BundleContext context = bundle == null ? null : bundle.getBundleContext();
    if (context == null) {
      throw new IllegalArgumentException(
       "Unable to acquire bundle context for " + source.getCanonicalName());
    }
    this.serviceTracker = new ServiceTracker<T,T>(context,target,null);
  }
  public static <T> OSGiTracker<T> supply(Class<T> target, Class<?> source) {
    return new OSGiTracker<>(target, source);
  }
  @Override
  public T get() {
    if(closed) {
      serviceTracker.open();
      closed = false;
    }
    return serviceTracker.getService();
  }
  protected void finalize() throws Throwable {
    close();
    super.finalize();
  }
  public void close() throws Exception {
    if(serviceTracker != null && !closed) {
      serviceTracker.close();
    }
  }
}

This provides a Supplier for a given service, and the only two parameters that are required are the generic target required (e.g. DebugOptions) and the calling class (so that the BundleContext can be resolved). The API doesn’t get much simpler than that. This is how it looks when using it:

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private final Supplier<DebugOptions> options =
 OSGiTracker.supply(DebugOptions.class, getClass());

private final boolean DEBUG = options.get().getBooleanOption(...)

No worrying about dependencies other than the OSGiTracker class, and the client side API is trivial.

However, in most cases there’s no need to keep a ServiceTracker hanging on since you are using it in a one-shot basis. If the service isn’t there, you want to use a default without changing anything else. As a result, there’s an alternative implementation that can be used:

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public class OSGiSupplier<T> implements Supplier<T> {
  private final BundleContext context;
  private final ServiceReference<T> serviceReference;
  private OSGiSupplier(Class<T> target, Class<?> source) {
    if (target == null) {
      throw new IllegalArgumentException("Target cannot be null");
    }
    if (source == null) {
      throw new IllegalArgumentException("Source cannot be null");
    }
    Bundle bundle = FrameworkUtil.getBundle(source);
    BundleContext context = bundle == null ? null : bundle.getBundleContext();
    if (context == null) {
      throw new IllegalArgumentException(
       "Unable to acquire bundle context for " + source.getCanonicalName());
    }
    this.context = context;
    this.serviceReference = context.getServiceReference(target);
  }
  public static <T> OSGiSupplier<T> supply(Class<T> target, Class<?> source) {
    return new OSGiSupplier<>(target, source);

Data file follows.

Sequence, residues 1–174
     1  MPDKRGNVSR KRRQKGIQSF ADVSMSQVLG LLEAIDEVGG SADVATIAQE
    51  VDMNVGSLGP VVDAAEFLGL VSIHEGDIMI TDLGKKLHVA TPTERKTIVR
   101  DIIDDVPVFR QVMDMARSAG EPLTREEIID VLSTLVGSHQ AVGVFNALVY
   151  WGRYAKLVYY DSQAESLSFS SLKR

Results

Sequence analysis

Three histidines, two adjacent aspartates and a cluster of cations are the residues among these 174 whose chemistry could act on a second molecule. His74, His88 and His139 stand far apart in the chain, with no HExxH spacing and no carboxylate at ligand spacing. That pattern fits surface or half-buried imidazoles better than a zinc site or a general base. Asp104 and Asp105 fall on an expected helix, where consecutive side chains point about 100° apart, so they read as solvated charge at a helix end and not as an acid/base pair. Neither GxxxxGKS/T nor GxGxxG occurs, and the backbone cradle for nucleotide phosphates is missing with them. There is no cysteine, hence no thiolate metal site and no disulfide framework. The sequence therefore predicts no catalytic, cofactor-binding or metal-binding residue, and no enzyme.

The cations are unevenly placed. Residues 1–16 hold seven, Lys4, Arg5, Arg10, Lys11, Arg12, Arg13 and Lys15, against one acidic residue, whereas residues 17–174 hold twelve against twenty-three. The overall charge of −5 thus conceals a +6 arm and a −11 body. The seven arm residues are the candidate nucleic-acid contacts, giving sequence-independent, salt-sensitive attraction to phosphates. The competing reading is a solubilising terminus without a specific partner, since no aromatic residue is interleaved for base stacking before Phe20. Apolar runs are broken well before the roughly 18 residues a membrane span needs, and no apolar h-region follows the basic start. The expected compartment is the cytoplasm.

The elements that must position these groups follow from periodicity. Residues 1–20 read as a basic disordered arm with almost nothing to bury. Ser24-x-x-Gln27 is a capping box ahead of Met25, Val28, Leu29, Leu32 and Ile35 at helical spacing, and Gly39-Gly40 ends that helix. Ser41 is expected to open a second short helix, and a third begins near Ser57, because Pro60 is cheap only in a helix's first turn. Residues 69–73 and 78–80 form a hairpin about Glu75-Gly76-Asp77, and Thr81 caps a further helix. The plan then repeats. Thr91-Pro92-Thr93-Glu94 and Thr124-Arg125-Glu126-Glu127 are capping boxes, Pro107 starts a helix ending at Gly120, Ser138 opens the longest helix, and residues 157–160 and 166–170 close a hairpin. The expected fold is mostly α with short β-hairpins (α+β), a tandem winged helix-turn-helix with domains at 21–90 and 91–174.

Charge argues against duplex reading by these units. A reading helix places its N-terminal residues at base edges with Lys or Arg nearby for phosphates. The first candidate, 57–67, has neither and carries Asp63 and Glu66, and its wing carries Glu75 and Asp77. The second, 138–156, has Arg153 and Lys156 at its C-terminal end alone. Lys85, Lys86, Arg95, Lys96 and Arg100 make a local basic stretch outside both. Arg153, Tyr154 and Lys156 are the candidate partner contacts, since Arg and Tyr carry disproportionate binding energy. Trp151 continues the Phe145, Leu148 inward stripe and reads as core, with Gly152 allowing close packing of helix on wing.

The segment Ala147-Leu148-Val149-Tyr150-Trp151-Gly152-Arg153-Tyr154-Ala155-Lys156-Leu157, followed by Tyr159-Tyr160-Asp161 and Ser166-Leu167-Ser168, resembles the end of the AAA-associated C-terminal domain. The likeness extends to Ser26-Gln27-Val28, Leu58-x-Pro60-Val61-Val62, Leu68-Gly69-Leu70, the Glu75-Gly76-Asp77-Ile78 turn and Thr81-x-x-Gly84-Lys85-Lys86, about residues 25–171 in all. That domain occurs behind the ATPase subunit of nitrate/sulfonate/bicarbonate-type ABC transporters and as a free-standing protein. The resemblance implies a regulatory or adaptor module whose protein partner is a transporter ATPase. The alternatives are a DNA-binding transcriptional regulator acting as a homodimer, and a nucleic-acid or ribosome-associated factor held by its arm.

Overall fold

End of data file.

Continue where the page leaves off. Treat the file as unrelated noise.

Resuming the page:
}
  @Override
  public T get() {
    try {
      T service = context.getService(serviceReference);
      if (service != null) {
        context.ungetService(serviceReference);
      }
      return service;
    } catch (Throwable t) {
      return null;
    }
  }
}

The API for using this is almost identical:

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private final Supplier<DebugOptions> options =
 OSGiSupplier.supply(DebugOptions.class, getClass());

private final boolean DEBUG = options.get().getBooleanOption(...)

See the difference? It’s the type of supplier we are using. Otherwise the field type and use case is identical. That makes it easy to switch between the two; in fact, we could wrap this in another supplier if we wanted to default to everything being false or null:

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public class DebugOptionsWrapper implements Supplier<DebugOptions> {
  private final Supplier<DebugOptions> delegate;
  public DebugOptionsWrapper(Supplier<DebugOptions> delegate) {
    this.delegate = delegate;
  }
  @Override
  public DebugOptions get() {
    DebugOptions options = delegate.get();
    if(options == null) {
      return new DebugOptions() { ... } // Empty implementation
    } else {
      return options;
    }
  }
}

This could be wrapped to prevent any NullPointerException being thrown if the service isn’t present:

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private final Supplier<DebugOptions> options =
 new DebugOptionsWrapper(OSGiSupplier.supply(DebugOptions.class, getClass()));

The move to Java 8 facilitates these kinds of improvements, and should be part of Eclipse. The question is, where should the above go? Some shared package would make sense, but does this belong in org.eclipse.core.runtime or org.eclipse.equinox.util? Does this even make sense to add to Eclipse? Your thoughts are welcome; reach out to me @alblue.

Eclipse Night London

2015, eclipse

On 16 September I gave a presentation at Eclipse Night London on how to write bad Eclipse plug-ins. The goal of this presentation is to show how developers can create consistently bad user experience and how to use the Eclipse APIs to degrade performance and frustrate the user.

Of course, this is indended to be a toungue-in-cheek presentation and aims to show how certain design decisions can help or hinder the experience of an Eclipse user, and aims to show what not to do.

The Eclipse Night London was organised by Tracy Miranda and was held at the Stackoverflow offices in central London, near Old Street tube station.

The presentation is available at SpeakerDeck and I re-recorded an audio transcribed version for posterity at Vimeo. Enjoy!